Steps were also taken for financial empowerment of people. Self-help groups (SHGs) were constituted, which proved highly beneficial. Five SHGs are involved in rice marketing alone. The latest drive is for alcohol de-addiction. The families which fed themselves by preparing and selling country-made alcohol were requested to shift to fishing. As a result alcohol production has completely stopped. Men in Baripada are now afraid of coming home drunk! The integrated development process has multiple facets. Night schools were stated for adult illiterates and the primary school was reopened. An absent student is fined Re 1 per day, while the teacher is fined Rs 51 per day for absent. Festivals are celebrated together and the village organises marriages together to save money. Sports competitions are also held, not just to enjoy games but also to disseminate the message of self-development in surrounding villages. As a result similar experiments have begun in around 20 nearby villages. Thus the focus is on the all round development of the region. Villagers have now undertaken the cultivation of common forest nursery as a part of joint watershed development activities. Pawar now vows to create a cadre of 200 youths from the community who can become future custodians of conservation efforts.

Chaitram Pawar also leads a unique organisation, Baripada Gram Vikas Samitee (BGVS) which is composed entirely of the villagers that it works for. He was honored with a second prize by international award sponsored by International funds for agriculture development (IFAD). He has received 12 awards in which Shetinishtha Shetkari Puraskar from Maharashtra government and first prize of Sant Tukaram forest scheme are also included. According to Chaitram Pawar, plant and animal life has increased in the forest, both in terms of number and variety. More importantly, not only has Baripada become self-sufficient in terms of meeting its fuelwood and water needs, it can even supply water to surrounding villages. It has evolved as a model of development.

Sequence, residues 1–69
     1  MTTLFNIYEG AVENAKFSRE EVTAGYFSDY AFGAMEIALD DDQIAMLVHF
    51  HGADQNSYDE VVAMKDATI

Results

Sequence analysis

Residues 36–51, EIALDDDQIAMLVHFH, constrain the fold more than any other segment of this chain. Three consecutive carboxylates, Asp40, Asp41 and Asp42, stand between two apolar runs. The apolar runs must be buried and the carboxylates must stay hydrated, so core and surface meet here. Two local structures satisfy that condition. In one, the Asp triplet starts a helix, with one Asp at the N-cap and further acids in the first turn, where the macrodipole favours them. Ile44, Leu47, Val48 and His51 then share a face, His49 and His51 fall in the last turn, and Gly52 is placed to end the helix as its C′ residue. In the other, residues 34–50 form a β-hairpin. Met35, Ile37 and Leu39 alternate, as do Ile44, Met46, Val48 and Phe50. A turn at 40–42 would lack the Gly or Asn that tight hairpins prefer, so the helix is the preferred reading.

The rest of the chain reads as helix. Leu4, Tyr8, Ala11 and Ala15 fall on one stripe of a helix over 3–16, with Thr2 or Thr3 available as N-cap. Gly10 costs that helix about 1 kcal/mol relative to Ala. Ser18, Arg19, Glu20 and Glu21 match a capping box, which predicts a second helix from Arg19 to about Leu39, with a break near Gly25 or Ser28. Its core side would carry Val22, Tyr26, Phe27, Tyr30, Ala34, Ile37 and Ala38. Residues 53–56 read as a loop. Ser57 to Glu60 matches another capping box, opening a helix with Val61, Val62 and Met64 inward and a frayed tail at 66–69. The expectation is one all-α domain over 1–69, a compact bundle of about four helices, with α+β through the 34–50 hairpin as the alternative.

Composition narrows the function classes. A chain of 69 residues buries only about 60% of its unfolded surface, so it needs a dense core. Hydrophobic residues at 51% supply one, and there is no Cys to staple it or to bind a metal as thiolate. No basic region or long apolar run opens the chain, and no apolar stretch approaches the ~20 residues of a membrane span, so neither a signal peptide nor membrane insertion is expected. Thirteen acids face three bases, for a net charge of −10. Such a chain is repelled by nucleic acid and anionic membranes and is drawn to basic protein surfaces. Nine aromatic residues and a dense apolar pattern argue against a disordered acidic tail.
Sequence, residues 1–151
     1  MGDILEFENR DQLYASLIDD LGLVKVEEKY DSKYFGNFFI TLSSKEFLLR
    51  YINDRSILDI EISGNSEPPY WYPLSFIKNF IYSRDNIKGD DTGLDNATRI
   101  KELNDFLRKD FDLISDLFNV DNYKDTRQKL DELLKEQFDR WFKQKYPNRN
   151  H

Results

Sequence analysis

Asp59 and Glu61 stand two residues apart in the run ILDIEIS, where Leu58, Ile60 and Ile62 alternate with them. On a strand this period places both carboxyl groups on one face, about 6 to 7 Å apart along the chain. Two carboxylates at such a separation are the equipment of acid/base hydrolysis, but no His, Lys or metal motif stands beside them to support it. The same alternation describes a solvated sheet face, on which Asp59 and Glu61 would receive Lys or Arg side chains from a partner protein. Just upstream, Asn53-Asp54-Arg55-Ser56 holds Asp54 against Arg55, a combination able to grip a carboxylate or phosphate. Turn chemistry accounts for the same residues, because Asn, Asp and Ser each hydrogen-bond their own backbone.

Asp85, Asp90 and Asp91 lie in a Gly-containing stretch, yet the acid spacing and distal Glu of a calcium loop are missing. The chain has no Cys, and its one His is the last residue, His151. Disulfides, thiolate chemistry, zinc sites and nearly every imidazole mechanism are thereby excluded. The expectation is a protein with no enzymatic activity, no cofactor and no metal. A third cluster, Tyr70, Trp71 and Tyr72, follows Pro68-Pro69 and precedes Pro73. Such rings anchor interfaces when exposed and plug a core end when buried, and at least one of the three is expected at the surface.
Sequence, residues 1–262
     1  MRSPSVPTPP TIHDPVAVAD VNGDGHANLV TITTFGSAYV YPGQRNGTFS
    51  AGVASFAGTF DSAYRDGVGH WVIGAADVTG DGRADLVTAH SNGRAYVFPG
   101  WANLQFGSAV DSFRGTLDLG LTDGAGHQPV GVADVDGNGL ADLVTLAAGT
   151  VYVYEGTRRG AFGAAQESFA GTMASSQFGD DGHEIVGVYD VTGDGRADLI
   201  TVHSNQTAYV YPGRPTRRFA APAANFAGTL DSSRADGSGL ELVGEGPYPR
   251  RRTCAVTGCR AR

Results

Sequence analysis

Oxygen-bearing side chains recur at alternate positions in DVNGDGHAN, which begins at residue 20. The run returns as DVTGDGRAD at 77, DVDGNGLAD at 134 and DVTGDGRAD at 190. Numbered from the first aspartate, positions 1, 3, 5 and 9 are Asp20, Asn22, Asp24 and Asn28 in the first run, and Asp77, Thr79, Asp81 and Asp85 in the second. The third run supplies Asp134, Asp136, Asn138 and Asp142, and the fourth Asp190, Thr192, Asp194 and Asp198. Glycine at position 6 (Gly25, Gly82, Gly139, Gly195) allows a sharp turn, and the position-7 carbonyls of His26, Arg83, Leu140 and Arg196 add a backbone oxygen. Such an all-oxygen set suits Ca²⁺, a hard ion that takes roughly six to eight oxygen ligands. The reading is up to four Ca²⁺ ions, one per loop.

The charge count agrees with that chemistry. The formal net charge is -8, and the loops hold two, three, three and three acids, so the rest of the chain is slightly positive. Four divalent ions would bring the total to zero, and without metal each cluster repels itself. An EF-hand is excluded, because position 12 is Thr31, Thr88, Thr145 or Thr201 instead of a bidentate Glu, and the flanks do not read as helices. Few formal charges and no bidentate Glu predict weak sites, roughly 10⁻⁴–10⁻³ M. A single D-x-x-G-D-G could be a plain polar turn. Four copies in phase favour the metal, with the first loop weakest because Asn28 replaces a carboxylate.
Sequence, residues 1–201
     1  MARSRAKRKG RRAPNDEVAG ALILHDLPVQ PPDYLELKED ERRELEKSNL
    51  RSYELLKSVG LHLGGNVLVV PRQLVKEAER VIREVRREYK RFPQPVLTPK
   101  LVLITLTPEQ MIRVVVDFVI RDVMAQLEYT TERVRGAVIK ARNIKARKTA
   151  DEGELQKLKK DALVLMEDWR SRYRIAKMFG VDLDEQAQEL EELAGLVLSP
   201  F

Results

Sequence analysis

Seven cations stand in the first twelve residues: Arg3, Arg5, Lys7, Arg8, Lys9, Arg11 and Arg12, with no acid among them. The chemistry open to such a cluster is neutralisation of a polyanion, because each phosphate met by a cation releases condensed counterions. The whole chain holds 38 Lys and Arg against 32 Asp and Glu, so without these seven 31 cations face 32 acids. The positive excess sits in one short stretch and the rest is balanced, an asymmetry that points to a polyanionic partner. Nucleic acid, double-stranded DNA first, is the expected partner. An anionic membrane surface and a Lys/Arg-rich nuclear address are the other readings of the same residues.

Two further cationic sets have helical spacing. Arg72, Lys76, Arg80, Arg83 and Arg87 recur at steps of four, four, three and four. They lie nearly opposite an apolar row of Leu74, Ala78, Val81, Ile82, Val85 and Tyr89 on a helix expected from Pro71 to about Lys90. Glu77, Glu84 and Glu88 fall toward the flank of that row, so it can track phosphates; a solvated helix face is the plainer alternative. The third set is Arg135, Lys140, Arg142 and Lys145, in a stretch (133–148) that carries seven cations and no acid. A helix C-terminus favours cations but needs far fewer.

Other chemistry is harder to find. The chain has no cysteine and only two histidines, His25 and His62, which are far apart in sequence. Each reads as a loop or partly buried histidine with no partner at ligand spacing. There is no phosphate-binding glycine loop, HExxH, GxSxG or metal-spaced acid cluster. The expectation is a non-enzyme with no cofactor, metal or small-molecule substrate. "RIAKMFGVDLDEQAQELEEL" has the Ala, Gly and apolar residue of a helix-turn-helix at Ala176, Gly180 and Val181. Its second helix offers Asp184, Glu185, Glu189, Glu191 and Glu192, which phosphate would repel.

Chaitram Pawar, a down to earth man, never takes credits for himself. Acccording to him, development couldn't have been acheived without the support of Baripada villagers and their will to bring development. Mr Pawar showed people the importance of forest, land and water in order to attain self sufficiency. According to him, conserving the forests increases the water table, practicing good agricultural techniques, helped them to improve the yield from the land and conserving water by making percolation tanks, dams and small storage spaces further increased the availability of water. The combined effect of all the three exercises increased the productivity of the land and helped the village become self sufficient. "We cannot draw desired results as long as we continue to depend upon government for help every time. The best option is to start self and create the situation when government runs after you,” says Chaitram Devchand Pawar, a real hero in true sense.

No comments:

Post a Comment